Porchfest in Fall Creek, Ithaca

The 15-minute city is the new 5-minute walk

Proximity and human-scale are still vitally important for sustainability, and yet the geography of our lives has gotten bigger. That is why we need the 15-minute city.

Why is the 15-minute city important? The 15-minute city is to the 21st Century what the 5-minute walk was to the 19th and early 20th centuries. I realized this after reading a history of my neighborhood, Fall Creek in Ithaca, New York.

Because the neighborhood hasn’t physically changed that much since the 19th Century—it has the same street layout, most of the same buildings, and is still highly walkable—I assumed that the neighborhood functioned in a similar way to how it functioned back then.

Like many places built prior to 1950, it is built on the scale of about a quarter mile from center to edge—approximately a five-minute walk. Fall Creek contains a mix of uses—there are restaurants, a coffee shop, a tavern, a pharmacy, churches, and an elementary school (where both of my children attended, and they never took a bus). The population and scale of buildings are similar to the early 20th Century.

Culturally, my neighborhood is an innovator. It was the birthplace of Porchfest in 2007, where local musicians play for free on porches, stoops, and front yards one day a year (see photo at top). Beginning with 20-plus musicians the first year, the event grew steadily and the most recent Ithaca Porchfest (2019) had about 170 acts. Porchfest has spread around the US, and now there are more than 100 similar events in US cities (and some in Canada also).

A street in Fall Creek

Fall Creek residents also can walk downtown, where there is a greater variety of culture and jobs. In short, Fall Creek is a classic traditional neighborhood. Nevertheless, it is a far cry from what it was 100 years ago in terms of access to jobs and services. Fall Creek does not function the same today as it did then.

The name Fall Creek comes from the stream that forms its northern boundary, including a 140-foot waterfall, Ithaca Falls, at the edge of the neighborhood. The southern and western boundaries of the neighborhood are formed by Cascadilla Creek, which also has falls. 

Mostly powered by the falls, the neighborhood had an amazing variety of industry, including a distillery, several gristmills (including one processing 40,000 bushels of wheat a year), a plaster mill using regionally sourced gypsum, an oil producer using vegetables as raw material, a paper mill that made a variety of products including Ithaca Gray Rag sold nationally, a wool cloth mill, a sawmill, an iron foundry, a rake factory, a tub and firkin factory (firkin is a small cask—the facility also produced pails), a farm equipment producer, a hub-and-spoke factory, a clock factory, a pottery, a wind instrument maker, and the Ithaca Gun Company, which sold high-quality shotguns and other firearms.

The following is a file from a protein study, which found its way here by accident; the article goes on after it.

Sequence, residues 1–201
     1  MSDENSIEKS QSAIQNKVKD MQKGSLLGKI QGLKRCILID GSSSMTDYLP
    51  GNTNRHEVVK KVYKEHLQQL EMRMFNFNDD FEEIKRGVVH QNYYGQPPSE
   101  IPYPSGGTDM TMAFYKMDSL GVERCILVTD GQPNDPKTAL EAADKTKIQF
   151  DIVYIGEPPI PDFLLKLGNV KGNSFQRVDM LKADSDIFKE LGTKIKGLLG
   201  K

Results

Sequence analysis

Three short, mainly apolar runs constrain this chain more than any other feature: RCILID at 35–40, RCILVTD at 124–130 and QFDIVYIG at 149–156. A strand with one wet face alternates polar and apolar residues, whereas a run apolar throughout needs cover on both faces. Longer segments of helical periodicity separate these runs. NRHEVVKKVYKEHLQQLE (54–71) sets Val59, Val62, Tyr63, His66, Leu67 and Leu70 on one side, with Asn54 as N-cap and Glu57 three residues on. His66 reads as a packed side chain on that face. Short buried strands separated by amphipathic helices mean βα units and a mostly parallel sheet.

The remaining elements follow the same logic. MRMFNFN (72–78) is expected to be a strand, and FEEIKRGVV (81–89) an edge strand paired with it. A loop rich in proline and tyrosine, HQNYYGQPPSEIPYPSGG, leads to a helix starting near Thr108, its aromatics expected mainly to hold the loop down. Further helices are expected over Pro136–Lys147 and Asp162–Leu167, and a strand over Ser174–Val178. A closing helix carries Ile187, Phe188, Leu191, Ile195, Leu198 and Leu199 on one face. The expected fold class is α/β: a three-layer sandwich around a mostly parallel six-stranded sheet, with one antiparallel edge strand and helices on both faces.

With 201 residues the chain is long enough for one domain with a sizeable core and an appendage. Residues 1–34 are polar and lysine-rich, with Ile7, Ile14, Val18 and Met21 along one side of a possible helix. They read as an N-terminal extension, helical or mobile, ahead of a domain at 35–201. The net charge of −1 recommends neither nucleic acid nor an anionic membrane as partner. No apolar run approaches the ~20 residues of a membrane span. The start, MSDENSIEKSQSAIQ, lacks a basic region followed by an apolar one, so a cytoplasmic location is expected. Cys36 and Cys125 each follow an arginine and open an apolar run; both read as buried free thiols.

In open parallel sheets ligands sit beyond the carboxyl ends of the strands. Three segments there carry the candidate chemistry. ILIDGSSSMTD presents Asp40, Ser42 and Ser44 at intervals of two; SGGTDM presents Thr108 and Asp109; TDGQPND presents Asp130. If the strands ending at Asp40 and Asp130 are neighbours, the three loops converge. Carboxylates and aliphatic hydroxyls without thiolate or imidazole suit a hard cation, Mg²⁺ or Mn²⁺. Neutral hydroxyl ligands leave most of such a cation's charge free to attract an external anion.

Our neighborhood not only produced for local needs, but exported goods nationally and internationally—including guns, rakes, clocks, and paper. Every once in a while, on Antiques Roadshow, someone brings in an Ithaca Calendar Clock—they keep the date and time and even adjust automatically for leap year. They are works of manufacturing art—as are Ithaca shotguns, one of them once owned by Annie Oakley.

Now a residential building, this building was a grocery store in Fall Creek for many decades. It was one of many throughout the neighborhood and is less than three blocks from where I live.

The 19th Century Fall Creek census recorded coopers, tailors, shoemakers, cigar makers and sellers, blacksmiths, carpenters, clerks, and grocers. Small grocers were scattered throughout the neighborhood from the 19th Century to well into the second half of the 20th Century. These grocers—often referred to as corner stores—were particularly abundant in the 1930s and 1940s, according to the history written by local librarian Amy Humber, in a book called Ithaca’s Neighborhoods: the Rhine, the Hill, and the Goose Pasture. The last neighborhood grocer went out of business in 1980. In simpler times, residents could get all of their daily and most of their weekly needs within a two-or-three-minute walk of every house, so plentiful were these stores throughout the neighborhood. “Eventually, the small groceries were unable to compete with the supermarkets,” writes Humber—and all disappeared in the three decades after 1950.

There was a sanatorium, a 15-bed health care facility, a couple of blocks from my house—and so health care workers were part of the mix, and doctors made house calls. There were hotels and inns, including the Fall Creek House, a tavern that has been continually operating since the 1850s. There was a fire company that operated from the middle of the 19th Century to the 1990s—in what is now a single-family house.